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Writing Excuses 7.39: Death

Writing Excuses 7.39: Death

From http://www.writingexcuses.com/2012/09/23/writing-excuses-7-39-death/

Key points: character deaths can raise the stakes and increase tension. Don't waste character deaths, make the deaths meaningful by letting the readers know the character. Death reminds us that there is a cost. Consider alternatives -- what if they die or what if they live? The number of deaths and the way you present the deaths should match your genre. Showing just the key images allows the audience to imagine the rest. The purpose of the death should affect how they die and what you show the audience. Writers are often emotionally invested in the death of a character.

[Mary] Season Seven, Episode 39.
[Brandon] This is Writing Excuses. Today? Death!
[Howard] 15 minutes long.
[Mary] Because you're in a hurry.
[Dan] And we're not that smart.
[Brandon] I'm Brandon.
[Dan] I'm Dan.
[Mary] I'm Mary.
[Howard] And I'm not dead yet.
[Mary] Yet.
[Dan] Okay. We've got 15 minutes.
[Howard] I think I'll go for a walk.
[Mary] Mwahahahaha.

[Brandon] Okay. Handling killing characters. Has everyone here killed a character? Howard, you've killed some of my favorites, so you I know.
[Howard] Oh, yes.
[Dan] Dan, yeah, you've killed people.
[Dan] [chuckles]
[Mary] Oh, yeah.
[Dan] I've made my whole living killing characters.
[Brandon] Yes. All right.

[Howard] I'll be… Let me be the first to say that I've done it well and I've done it poorly.
[Brandon] Okay.
[Howard] Over the last dozen years, I've done it well and I've done it poorly.
[Brandon] That's a great place to start. Tell us about well and tell us about poorly.
[Howard] I'm going to start with poorly. One of the first characters I introduced in the strip was… Aliens that I introduced in the strip was Sh'vuu, who was a sort of a cephalopodish thing in a hover chair. Sh'vuu was kind of interesting, just sort of a calm officer. Then, in a book where he hadn't been featured much, he got a tank instead of a hover chair, and in a situation that wasn't supposed to be combat, got blown up and died. A lot of people were disappointed with that. I realized that it was… There was too much distance between any measure of character development he got, which was not very much at all, and the book in which he died. By the time you read about him dying, nobody cared. I cared, because I liked him, but the things that made me like him weren't on the page. Or if they were on the page, they weren't on a page that was anywhere near him dying.

[Brandon] Okay. That's an excellent point. I mean… One thing I want to raise here is… For me, people say, "Why did you kill this character?" You guys, you listeners, you know that I take a fairly academic approach to a lot of writing aspects. I'm not one of those that talks about the mysticism of writing and this sort of thing. But when it comes to a lot of character things, I am much more discovery writer-ish. With killing characters, I don't ever think of killing characters. I never sit down and say, "I bet they won't expect this death." There are some writers who I know do that. I'll kill this person so… Because that way they'll believe anyone can die. In fact, didn't Joss say in one of his movies where someone important dies, "I'll kill this person to make them believe I'll kill anybody?"
[Dan] Yes.
[Howard] That was a deconstruction of… I don't know if Joss said it, but it was definitely a deconstruction of Serenity where they said that it worked so well because the first death, actually it was the second death that we're treated to, once that character dies, we feel like anybody can die. There is that moment where Jane says… Jane and one of the other characters are talking, and she says… Not Jane, the other character says, "You know we really… None of us are getting out of here." Jane says, "I might live." She's speaking for the audience at that point, and she's speaking for the author. In the deconstruction, you realize that after that first death in the ship, all bets are off. This could be a story that ends badly for everybody.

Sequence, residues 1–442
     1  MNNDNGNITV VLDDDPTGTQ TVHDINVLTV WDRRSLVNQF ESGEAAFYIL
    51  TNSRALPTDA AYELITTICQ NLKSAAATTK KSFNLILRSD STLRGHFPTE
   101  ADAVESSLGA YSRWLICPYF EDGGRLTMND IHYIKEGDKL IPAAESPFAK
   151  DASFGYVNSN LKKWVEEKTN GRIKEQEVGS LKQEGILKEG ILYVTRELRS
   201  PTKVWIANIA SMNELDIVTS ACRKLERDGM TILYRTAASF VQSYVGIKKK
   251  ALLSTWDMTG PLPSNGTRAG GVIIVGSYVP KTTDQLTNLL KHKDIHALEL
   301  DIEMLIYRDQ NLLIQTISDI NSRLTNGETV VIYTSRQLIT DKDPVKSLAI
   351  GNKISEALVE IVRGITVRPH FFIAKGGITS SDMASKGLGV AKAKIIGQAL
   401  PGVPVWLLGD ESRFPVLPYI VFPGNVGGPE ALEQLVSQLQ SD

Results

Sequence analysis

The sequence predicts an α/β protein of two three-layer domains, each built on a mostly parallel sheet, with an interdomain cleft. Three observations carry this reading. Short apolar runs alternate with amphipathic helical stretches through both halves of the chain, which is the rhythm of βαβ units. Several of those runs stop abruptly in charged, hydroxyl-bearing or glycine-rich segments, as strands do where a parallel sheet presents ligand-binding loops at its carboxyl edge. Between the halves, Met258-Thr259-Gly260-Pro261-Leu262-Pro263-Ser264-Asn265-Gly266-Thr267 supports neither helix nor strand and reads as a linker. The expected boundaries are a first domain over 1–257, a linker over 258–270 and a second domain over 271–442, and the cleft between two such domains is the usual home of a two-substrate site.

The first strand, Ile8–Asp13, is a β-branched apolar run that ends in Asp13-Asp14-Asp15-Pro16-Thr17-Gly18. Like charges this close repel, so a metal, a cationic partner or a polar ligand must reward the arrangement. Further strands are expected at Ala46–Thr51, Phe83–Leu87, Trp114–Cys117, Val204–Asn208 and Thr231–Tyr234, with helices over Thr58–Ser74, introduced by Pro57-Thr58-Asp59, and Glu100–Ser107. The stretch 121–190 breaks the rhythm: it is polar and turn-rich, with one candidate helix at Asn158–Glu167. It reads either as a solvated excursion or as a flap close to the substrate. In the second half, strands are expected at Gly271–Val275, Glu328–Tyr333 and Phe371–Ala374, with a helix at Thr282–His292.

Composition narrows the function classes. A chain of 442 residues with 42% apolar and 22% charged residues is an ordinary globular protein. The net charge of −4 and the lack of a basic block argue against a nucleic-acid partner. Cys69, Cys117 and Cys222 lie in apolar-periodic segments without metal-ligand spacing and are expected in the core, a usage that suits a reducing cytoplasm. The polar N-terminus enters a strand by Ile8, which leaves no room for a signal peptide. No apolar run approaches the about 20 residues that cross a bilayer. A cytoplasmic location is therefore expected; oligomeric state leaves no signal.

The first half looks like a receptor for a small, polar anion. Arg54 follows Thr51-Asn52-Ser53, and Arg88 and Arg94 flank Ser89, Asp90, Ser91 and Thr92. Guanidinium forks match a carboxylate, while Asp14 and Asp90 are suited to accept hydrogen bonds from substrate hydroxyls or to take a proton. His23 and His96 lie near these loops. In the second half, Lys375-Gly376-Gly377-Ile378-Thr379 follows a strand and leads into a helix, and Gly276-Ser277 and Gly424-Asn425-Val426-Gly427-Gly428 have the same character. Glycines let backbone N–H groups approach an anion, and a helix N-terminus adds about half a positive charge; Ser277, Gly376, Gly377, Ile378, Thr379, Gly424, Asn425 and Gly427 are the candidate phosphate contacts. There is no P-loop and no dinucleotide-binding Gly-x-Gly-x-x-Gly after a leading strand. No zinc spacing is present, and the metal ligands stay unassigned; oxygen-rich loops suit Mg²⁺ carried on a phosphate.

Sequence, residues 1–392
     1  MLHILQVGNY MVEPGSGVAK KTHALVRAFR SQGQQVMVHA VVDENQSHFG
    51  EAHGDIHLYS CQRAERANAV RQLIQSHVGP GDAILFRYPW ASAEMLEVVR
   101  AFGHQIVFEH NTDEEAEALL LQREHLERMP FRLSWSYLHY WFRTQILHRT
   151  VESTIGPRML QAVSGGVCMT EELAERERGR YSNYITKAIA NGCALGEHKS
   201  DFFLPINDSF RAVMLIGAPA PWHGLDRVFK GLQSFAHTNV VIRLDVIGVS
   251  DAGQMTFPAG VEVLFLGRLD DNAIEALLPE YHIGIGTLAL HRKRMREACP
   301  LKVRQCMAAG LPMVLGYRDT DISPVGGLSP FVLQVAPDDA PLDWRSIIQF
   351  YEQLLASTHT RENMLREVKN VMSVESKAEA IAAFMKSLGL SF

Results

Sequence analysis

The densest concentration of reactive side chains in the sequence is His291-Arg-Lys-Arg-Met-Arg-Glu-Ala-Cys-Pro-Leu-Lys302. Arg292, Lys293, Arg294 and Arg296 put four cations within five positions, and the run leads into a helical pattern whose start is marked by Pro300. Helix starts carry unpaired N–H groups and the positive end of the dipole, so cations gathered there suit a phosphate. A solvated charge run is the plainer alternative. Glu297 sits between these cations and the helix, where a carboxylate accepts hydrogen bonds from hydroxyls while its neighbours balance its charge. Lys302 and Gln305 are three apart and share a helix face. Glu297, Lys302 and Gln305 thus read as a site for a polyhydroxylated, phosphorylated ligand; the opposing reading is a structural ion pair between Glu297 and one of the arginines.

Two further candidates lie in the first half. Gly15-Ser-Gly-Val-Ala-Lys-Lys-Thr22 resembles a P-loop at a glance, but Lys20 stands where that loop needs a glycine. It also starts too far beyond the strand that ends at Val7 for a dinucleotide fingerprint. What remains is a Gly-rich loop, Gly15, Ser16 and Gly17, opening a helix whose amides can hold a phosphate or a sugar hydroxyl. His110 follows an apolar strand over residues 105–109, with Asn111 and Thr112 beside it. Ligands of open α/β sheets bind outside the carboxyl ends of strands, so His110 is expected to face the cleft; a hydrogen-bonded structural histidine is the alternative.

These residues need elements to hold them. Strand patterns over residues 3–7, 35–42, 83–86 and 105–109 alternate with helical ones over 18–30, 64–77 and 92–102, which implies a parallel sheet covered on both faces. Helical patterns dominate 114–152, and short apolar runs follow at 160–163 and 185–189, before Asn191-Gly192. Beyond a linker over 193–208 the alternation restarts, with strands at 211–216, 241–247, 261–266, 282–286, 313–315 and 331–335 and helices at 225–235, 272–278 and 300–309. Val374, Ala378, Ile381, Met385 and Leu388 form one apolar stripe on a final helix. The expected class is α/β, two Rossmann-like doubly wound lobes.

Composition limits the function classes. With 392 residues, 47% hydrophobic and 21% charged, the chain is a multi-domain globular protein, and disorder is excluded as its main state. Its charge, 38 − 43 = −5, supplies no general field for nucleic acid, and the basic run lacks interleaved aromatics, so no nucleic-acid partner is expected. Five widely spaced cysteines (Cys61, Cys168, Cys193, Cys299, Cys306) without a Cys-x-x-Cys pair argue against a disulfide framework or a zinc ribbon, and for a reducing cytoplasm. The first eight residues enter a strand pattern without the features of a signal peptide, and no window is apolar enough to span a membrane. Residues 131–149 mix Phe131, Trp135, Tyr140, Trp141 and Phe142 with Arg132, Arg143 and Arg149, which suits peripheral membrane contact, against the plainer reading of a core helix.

[Brandon] That is, academically, one of the reasons, if you're approaching this academically, one of the reasons to have casualties. Is to in some ways raise the stakes, but in other ways to say, "Hey, look, nobody is sacrosanct." I think basically George Martin's career lately is based on this concept. Anyone can die in these books, and you believe it… even after the first one, you believe, all right, anyone can die. It gives a great sense of tension. Yeah, go ahead, Mary.
[Mary] The other thing that it does is that it gives importance to the deaths. A lot of times what happens with people when characters are killed and killed… Where the death is cheap or not used well, is that it's a throw away death. It's just… It's a body that's a background character. It doesn't matter. That's… To me, those deaths are largely wasted. It's… Going back to Firefly again. In that very first scene, there's an officer who's essentially cannon fodder [inaudible]. A lot of people die in that very first scene. But they take a little bit of time to let you see this man's fear and let you under… Let you have just a little bit of him before they kill him off. That makes the death meaningful. Because the character… You're getting the audience to invest in them. Otherwise it's just words on the page.

[Dan] One of the meanest things I ever did is the big main character death in my third book, I Don't Want to Kill You. People… I'll here, like on twitter all the time or in email, someone will just yell at me and say, "Dan Wells, I cannot believe you just did this." I'll say, "Oh, you just read page 267, right?" "Yes, I did. Oh, I hate you so much." The reason that I killed the person that I did is because that was the character I loved. I knew that it had to be meaningful and it had to be important. If I didn't want to kill this character, that meant they were the one who had to die, because it would have the most effect. Because if I loved them, ideally the reader would love them as well, and really feel the impact when they left.